Judas Iscariot, a character study. Part 2.

This examination of Judas Iscariot is the outgrowth of a recent group Bible study on Hebrews. During the evening’s interactions on Hebrews my friend, in reference to eternal security, adamantly contrasted Judas-Iscariot, declaring, Judas Iscariot went to hell. I have several problems with a statement like that and spoke to the man privately about them after the study was over. Several days later that brother in Christ sent me a text message which directed me to a website he declared offered sound information on the subject of Judas Iscariot. What that website did, was to affirm my friend’s arguments.  

I obtained the arguments against Judas from this source https://www.gotquestions.org/Judas-Iscariot.html. 
Assuming, and it’s a natural assumption, that my friend and several thousand others like him, feel so resolute and judgmental about Judas-Iscariot, I decided to pursue this character study on the man.

I have made comments which can be seen below the bulleted points. The original document has, for the most part, been turned into bulleted points and highlighted in bold type.

The overarching question is, Who was Judas Iscariot? 

As I began to respond to the thesis, which seems to have one goal – to have your opinion harmonize with theirs, my answers progressively turned into a ten-page treatise. I have learned that I cannot inundate you, the reader, with something that lengthy, as you will leave my site and probably never come back. Therefore, it is separated into parts. This is part two.

  • Jesus knew from the very beginning what Judas Iscariot would do. Jesus told His disciples, “Have I not chosen you, the Twelve? Yet one of you is a devil!” (John 6:70).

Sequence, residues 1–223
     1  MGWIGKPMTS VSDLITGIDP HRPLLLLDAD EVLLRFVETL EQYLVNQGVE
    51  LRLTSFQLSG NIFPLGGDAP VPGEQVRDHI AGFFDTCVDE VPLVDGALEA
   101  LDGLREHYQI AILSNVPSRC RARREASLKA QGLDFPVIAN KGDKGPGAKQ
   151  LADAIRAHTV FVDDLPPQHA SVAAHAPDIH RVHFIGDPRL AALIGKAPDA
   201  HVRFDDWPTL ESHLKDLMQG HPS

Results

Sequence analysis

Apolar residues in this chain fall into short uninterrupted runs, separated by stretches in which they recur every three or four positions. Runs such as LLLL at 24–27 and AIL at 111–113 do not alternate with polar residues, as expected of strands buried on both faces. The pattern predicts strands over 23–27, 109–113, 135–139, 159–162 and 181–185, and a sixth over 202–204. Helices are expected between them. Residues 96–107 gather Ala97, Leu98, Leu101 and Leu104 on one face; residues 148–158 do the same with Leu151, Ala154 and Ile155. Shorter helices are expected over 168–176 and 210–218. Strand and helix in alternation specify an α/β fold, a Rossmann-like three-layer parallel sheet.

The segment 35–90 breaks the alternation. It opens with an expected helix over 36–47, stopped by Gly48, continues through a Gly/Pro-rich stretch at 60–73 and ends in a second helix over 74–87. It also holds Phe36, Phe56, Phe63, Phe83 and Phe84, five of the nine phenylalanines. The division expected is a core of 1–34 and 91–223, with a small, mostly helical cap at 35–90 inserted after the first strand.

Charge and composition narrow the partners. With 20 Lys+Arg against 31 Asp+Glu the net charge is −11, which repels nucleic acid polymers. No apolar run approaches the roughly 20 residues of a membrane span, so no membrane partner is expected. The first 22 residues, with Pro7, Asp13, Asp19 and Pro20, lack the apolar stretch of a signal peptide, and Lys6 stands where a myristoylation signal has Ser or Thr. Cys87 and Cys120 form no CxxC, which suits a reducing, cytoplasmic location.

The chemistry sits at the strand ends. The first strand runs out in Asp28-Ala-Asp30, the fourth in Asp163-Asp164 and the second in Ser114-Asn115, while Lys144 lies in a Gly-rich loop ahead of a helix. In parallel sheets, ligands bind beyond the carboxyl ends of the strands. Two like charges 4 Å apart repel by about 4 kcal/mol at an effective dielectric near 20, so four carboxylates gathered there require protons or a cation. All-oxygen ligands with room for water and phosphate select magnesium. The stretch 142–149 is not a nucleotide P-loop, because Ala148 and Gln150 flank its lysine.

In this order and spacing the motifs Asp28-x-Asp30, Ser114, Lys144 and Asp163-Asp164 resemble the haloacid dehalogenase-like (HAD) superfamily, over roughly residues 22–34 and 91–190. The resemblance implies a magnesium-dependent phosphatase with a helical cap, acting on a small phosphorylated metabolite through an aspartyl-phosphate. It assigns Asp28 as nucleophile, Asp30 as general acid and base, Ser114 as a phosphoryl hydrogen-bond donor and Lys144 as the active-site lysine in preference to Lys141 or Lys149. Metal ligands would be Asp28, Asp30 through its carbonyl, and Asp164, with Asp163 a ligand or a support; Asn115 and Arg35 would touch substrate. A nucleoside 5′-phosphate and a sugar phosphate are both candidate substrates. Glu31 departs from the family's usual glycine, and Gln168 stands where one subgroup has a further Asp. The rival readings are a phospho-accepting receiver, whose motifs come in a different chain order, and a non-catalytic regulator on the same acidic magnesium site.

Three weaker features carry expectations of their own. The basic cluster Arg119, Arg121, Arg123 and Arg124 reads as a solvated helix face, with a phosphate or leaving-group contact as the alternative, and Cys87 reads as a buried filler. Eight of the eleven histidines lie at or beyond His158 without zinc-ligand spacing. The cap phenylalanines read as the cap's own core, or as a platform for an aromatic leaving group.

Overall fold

• Look how the Message conveys John 6:70, “Jesus responded, “Haven’t I handpicked you, the Twelve? Still, one of you is a devil!

    Handpicked, now there’s a visual image for you. Jesus, fully aware of the end of this chain of events, choose Judas-Iscariot intentionally. Why is that? Could it be that Jesus was the one with the plan and not Judas-Iscariot?

The plan, since the rebellion and fall of the angels that followed Satan, has been to restore peace, and redeem humanity – a necessary move since one man gave it all away. But then, God knew that would happen, just as He knew Judas would be manipulated into playing the role he did. All of it for the purpose of gaining eternal salvation for all who would follow after Jesus Christ.

What of this idea that one of you is the devil?

Luke 22:1-6 NET. Now the Feast of Unleavened Bread, which is called the Passover, was approaching. (2) The chief priests and the experts in the law were trying to find some way to execute Jesus, for they were afraid of the people. (3) Then Satan entered Judas, the one called Iscariot, who was one of the twelve. (4) He went away and discussed with the chief priests and officers of the temple guard how he might betray Jesus, handing him over to them. (5) They were delighted and arranged to give him money. (6) So Judas agreed and began looking for an opportunity to betray Jesus when no crowd was present.

If I look up the word devil I get diábolos; to accuse. A false accuser, used for the devil. It is simply one who accuses. Judas did not accuse Jesus; he did, however, try to push Him to act irrationally and prematurely. How could Jesus have acted prematurely? By taking the throne without going to the cross and redeeming us all.